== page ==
This morning I was entertaining myself by reading through the comments on a blog piece in which I was quoted. The blog was about a Philadelphia companion animal shelter which was facing the threatened picketing of one of its big annual fundraisers by another group which promotes veganism because the fundraiser did not feature a vegan menu. My quote had nothing to do with the menu; it was from a blog I wrote that was self-congratulatory on behalf of animal welfare groups for working together to draw the brakes on the recent House Resolution 89, which had the potential to roll back the 2008 Puppy Mill Law.
I won’t say a word about what I think about the vegan conflict. Since that is a topic which is guaranteed to piss everyone off, no matter what position one takes, I’ll save that for a time when my hate mail is at particularly low ebb. But one commenter on the blog, among other niceties, referred to me as “among the most pugilistic” in animal welfare. That cracked my up, in no small part to it being the most polite insult I have received in ages. On a second reflection it occurred to me that “Anne Jones” had used precisely the right word for me.
I have always been self-reflective about my discourse on animal welfare since I have been very vocal about the importance of civil debate, yet I have with regularity excoriated those in opposition to my positions. More than once I have debated those who find fault with the, admittedly fine, lines with which I define my own fairness doctrine. Occasionally, I’ve even been reasonably called on stepping over my own lines. When I have, I’ve very publicly done something few of those who I disagree with ever seem to do- I’ve apologized and corrected myself.
However, “pugilism” is the perfect descriptor for the lines I have drawn for the speech I engage in on behalf of my positions. Pugilism, or boxing, is separated from a bar fight in one important way. It has rules. It’s still brutal and damaging and it’s not unheard of to place a well landed punch that is literally fatal to your opponent. But it’s not a bar fight.
Boxing is stepping into a ring with an opponent, agreeing to the rules of the match, tapping gloves, waiting in your corner until the bell rings, and trying to beat the other guy unconscious- as long as the shots are above the belt and you don’t tangle him up in the ropes. In a bar fight, it’s perfectly acceptable to ask, “Can I buy you a drink?” and hit the other guy with a beer bottle before he has time to think. The loser may be just as unconscious but one way is fair, the other isn’t, and fairness is important to me. I’ll gladly get into the ring and try to beat your brains in. But I won’t bite your ear off and I’ll shake your hand when the final bell rings, win or lose.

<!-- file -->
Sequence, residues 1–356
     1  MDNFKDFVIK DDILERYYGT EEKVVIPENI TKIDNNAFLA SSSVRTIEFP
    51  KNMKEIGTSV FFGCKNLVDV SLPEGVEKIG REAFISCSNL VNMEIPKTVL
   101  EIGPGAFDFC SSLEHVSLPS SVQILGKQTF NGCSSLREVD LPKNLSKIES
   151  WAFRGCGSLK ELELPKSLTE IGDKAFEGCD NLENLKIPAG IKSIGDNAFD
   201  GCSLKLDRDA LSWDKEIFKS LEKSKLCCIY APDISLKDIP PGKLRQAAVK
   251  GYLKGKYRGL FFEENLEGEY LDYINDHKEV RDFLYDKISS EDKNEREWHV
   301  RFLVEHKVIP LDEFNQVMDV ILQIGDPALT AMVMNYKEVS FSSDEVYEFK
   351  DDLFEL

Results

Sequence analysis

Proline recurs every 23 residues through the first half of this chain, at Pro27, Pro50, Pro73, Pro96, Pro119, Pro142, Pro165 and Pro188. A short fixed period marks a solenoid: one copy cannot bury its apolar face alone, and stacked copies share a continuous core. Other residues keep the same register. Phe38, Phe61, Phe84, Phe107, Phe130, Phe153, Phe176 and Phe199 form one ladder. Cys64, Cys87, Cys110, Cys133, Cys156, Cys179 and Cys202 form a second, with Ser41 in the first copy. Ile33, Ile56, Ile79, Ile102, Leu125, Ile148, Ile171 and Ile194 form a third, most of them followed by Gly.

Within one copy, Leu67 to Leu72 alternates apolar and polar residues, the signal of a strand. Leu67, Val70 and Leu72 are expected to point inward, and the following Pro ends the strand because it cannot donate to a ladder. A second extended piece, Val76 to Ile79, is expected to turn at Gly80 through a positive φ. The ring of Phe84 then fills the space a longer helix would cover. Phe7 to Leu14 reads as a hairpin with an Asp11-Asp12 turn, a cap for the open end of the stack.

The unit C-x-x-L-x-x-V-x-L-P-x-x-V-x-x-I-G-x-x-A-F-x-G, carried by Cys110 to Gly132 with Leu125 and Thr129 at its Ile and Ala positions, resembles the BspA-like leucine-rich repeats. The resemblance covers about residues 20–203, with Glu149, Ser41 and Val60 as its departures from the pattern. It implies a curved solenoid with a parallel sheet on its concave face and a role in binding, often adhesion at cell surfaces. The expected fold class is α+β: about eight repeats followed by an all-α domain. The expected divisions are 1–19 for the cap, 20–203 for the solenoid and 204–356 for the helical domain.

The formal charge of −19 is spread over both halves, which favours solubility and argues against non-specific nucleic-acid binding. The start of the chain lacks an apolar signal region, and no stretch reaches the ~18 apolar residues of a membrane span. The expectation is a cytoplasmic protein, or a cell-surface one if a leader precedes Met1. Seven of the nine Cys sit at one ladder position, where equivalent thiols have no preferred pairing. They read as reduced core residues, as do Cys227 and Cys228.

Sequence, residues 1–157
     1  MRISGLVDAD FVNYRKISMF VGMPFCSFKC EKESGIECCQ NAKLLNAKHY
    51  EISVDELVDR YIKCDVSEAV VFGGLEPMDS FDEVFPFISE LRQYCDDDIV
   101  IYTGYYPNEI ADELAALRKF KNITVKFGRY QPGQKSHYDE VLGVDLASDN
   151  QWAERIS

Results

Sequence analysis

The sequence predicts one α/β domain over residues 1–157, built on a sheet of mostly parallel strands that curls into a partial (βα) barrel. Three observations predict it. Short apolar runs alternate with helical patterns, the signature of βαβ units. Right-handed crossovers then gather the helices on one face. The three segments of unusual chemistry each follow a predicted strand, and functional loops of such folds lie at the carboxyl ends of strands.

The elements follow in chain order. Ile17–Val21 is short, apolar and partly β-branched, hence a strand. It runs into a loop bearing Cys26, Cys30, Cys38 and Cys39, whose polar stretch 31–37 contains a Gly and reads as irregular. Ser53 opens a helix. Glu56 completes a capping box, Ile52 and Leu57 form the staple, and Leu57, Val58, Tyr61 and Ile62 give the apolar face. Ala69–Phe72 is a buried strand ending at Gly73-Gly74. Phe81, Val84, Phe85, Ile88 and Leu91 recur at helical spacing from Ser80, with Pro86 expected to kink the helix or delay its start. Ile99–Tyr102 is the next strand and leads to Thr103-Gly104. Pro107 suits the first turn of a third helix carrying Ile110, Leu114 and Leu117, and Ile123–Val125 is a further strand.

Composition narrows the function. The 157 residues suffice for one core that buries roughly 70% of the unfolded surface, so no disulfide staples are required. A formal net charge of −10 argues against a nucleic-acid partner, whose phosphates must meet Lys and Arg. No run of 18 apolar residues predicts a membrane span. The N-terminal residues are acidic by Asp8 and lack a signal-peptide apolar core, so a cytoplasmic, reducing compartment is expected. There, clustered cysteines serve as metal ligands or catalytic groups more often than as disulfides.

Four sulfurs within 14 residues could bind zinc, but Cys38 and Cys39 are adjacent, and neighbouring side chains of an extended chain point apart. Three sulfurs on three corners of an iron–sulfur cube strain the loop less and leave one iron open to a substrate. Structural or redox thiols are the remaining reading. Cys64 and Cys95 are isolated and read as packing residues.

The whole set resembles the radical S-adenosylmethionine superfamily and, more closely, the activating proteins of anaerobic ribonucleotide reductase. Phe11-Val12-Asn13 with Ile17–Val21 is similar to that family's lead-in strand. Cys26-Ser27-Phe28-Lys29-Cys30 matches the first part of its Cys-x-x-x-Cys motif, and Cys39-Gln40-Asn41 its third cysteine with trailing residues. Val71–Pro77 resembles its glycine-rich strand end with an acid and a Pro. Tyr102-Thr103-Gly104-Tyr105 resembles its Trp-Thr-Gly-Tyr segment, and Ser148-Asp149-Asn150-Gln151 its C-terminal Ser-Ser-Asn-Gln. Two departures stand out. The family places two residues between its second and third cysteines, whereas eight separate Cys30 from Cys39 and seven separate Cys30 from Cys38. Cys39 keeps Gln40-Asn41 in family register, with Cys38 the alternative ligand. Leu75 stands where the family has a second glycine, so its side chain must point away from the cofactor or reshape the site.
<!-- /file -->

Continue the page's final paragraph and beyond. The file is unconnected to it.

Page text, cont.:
That’s why tone and language is so important. It is the difference between a sucker punch and stepping into the ring. With a little humor, it makes the difference between the British Parliament and a cable news commentary panel. “Anne” could have called me a jackass who loves to pick fights. That could very well be true at times and may be a fair comment. She chose pugilist. That’s just as fair but it prevented me from writing it off as a mere insult since it showed some thought. Someone else made a comment about whining, half-dead looking vegans. Now, that seems a bit harsh. There must have been a better way to put that and thesauri are so handy these days.
What I do find unfair is when I hear that because I preach a pointed civility, I am not allowed to engage in my narrowly defined pugilism. Apparently, in some bar fighters’ eyes, only a pacifist can call out the bar fighter for dirty fighting. I beg to differ. Even Mahatma Gandhi (you know him, the guy every animal person quotes) saw that there were gradients of behavior and some were worse than others. “Between violence and cowardly flight, I can only prefer violence to cowardice. I can no more preach nonviolence to a coward than I can tempt a blind man to enjoy healthy scenes.”
I think I would prefer never have to step into the ring with those in opposition to what I believe about animal welfare, especially those who are far closer to my side than I ever am to the true opposition. But I also think that those who engage in name calling, sucker punch, beer bottle smashing efforts to get what they want often go after the targets who don’t see it coming. They deflect engaged discourse by standing fast on the faith of their argument. It doesn’t matter if it’s politics, dog tethering, veganism, or beating your kids. For so many true believers the entire argument comes down to you being wrong because I believe you are. Gandhi also said, “Faith must be enforced by reason. When faith becomes blind, it dies.”
I’ll climb into the ring with anyone. Just don’t offer to buy me any drinks.